Quickly, U.S. forces mobilized and routed the Viet Cong, inflicting massive casualties on up to 45,000 North Vietnamese troops.  From a military standpoint, the Tet Offensive was a total failure for the Viet Cong and weakened its ability to launch subsequent large-scale offensives.  Its primary purpose had been to provoke a major rebellion of the South Vietnamese people against their government and American occupation, an objective that failed to materialize.  Nevertheless, the Tet Offensive had a tremendous psychological impact on the American public.

The Public Gets Weary

The initial success of the Tet Offensive revealed an increased suspicion that the United States was bogged down in an unwinnable war and that government officials had misled the American public.

Between 1965 and 1968, the American public had been assured by the Johnson Administration that serious progress was being made against the Viet Cong and that the war would quickly end with an American victory. The initial success of the Tet Offensive revealed an increased suspicion that the United States was bogged down in an unwinnable war and that government officials had misled the American public. Between January and March of 1968, the percentage of Americans who considered themselves “hawks” (favoring a military solution to the war) fell from 62 percent to 41 percent, while those who considered themselves “doves” (favoring a negotiated settlement or unilateral withdrawal) almost doubled, from 22 percent to 42 percent.

The Tet Offensive also had serious political ramifications for the 1968 presidential election.

The Tet Offensive also had serious political ramifications for the 1968 presidential election. Senator Eugene McCarthy emerged as an anti-war Democratic candidate determined to challenge Lyndon Johnson’s bid for reelection.  In the New Hampshire Democratic primary, McCarthy narrowly lost to the sitting president, despite the fact that his campaign was conducted largely by political amateurs.  On March 31, 1968, President Johnson announced he would not seek or accept re-nomination for president.  He also announced an end to the bombing of North Vietnam to help reach a negotiated settlement to the end of the war.  Certainly factors beyond the Tet Offensive led to this decision, notably the inability to afford both a war and the Great Society social programs, but the growing anti-war sentiment fostered by the Tet Offensive was certainly a significant component.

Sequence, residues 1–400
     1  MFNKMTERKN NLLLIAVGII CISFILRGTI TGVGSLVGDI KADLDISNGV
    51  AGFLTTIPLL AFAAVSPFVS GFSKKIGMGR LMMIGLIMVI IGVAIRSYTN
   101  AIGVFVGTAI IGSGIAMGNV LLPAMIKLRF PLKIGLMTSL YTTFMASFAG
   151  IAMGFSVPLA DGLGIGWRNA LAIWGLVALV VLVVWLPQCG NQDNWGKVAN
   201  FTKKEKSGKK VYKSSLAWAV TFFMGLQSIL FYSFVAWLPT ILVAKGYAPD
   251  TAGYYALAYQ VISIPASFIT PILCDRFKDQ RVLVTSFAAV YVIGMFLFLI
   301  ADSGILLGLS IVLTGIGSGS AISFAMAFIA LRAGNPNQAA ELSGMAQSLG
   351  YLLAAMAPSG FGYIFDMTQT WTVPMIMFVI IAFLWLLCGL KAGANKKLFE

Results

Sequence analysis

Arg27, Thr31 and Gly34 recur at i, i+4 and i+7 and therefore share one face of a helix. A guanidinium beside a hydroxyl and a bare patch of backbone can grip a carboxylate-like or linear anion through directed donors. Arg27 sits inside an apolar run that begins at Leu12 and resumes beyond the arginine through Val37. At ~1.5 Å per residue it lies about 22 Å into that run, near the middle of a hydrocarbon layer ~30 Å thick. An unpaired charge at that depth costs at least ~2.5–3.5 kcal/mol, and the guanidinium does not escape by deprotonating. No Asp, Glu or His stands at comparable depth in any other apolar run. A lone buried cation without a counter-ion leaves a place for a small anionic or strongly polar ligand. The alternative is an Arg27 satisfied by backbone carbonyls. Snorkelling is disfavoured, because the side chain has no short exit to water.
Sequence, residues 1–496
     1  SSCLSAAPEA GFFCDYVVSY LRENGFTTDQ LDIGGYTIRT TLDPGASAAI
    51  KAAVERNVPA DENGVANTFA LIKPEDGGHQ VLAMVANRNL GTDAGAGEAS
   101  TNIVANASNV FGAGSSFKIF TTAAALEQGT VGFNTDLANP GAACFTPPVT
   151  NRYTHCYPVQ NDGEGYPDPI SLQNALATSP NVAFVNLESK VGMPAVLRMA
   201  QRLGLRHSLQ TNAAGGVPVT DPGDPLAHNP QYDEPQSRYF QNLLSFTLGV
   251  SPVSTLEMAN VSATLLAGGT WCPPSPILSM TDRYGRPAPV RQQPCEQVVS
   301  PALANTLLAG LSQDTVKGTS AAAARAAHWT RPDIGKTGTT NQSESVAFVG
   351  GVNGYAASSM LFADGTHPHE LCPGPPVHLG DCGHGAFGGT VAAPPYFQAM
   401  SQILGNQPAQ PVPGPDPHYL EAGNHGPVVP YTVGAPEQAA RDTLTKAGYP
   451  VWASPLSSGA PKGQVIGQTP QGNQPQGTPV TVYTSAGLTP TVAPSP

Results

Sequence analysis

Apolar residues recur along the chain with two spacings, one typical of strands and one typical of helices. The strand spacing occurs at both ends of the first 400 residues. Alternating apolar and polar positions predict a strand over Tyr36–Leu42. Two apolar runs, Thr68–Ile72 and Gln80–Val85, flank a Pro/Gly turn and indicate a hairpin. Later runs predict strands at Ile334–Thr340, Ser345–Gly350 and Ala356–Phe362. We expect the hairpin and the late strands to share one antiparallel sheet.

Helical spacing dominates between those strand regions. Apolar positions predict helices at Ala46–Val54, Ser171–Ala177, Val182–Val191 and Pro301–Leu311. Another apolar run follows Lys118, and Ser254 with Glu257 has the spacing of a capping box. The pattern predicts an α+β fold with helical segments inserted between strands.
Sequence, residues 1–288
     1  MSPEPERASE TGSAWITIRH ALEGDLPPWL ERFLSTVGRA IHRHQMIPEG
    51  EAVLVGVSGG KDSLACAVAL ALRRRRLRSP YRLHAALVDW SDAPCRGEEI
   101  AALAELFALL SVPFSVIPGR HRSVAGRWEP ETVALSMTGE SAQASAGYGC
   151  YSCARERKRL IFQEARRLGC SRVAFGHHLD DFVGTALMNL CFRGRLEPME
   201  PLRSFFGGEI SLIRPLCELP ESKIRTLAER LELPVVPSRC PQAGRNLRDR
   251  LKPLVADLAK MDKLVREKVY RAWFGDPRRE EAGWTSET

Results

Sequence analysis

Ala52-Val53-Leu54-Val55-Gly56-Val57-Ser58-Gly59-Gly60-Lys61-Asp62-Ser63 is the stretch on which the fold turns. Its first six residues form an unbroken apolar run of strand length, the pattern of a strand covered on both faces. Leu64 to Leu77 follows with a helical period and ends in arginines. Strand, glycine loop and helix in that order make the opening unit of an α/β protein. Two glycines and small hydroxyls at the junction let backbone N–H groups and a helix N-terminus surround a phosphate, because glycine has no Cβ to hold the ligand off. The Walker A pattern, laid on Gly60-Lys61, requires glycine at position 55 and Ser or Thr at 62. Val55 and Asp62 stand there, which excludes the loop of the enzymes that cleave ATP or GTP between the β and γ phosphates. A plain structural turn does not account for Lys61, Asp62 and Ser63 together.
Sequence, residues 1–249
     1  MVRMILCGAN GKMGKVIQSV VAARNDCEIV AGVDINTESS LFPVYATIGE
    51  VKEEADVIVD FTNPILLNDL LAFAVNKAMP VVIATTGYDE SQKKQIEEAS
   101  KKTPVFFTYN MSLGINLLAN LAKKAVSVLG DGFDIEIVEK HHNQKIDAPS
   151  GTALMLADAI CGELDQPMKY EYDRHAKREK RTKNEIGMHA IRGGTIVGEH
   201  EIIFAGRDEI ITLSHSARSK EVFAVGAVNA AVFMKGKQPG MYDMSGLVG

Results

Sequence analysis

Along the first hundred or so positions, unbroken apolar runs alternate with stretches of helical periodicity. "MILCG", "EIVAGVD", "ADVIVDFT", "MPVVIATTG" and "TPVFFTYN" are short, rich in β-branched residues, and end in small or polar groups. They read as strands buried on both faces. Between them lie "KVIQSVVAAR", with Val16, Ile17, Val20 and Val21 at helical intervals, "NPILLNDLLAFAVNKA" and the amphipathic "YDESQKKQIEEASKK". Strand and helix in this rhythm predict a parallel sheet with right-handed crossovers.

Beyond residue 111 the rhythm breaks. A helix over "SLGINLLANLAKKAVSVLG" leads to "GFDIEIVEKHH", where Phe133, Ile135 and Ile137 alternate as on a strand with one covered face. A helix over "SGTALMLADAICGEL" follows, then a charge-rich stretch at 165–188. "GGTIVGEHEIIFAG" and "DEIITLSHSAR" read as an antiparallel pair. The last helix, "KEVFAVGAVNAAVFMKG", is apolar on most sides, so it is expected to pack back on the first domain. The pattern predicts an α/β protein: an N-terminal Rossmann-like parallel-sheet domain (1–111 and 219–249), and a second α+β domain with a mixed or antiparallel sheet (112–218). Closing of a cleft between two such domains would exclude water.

On March 31, 1968, President Johnson announced he would not seek or accept re-nomination for president.

To whatever degree the Tet Offensive contributed to Johnson’s decision, it also threw the Democratic party in disarray.  A range of candidates with different stands on Vietnam upset the Democratic National Convention of 1968 and ultimately contributed to Republican Richard Nixon’s election.  And despite the Tet Offensive’s increasing American opposition to a continued U.S. presence in Vietnam, it would be another five years before U.S. troops would withdraw.

Conclusion

Despite being a significant military failure for the Viet Cong, the Tet Offensive nevertheless bolstered their persistence.  The subsequent psychological impact on the American public demonstrated that continued confrontation might well lead to the end of the United States’ will to fight.  In the end, it did.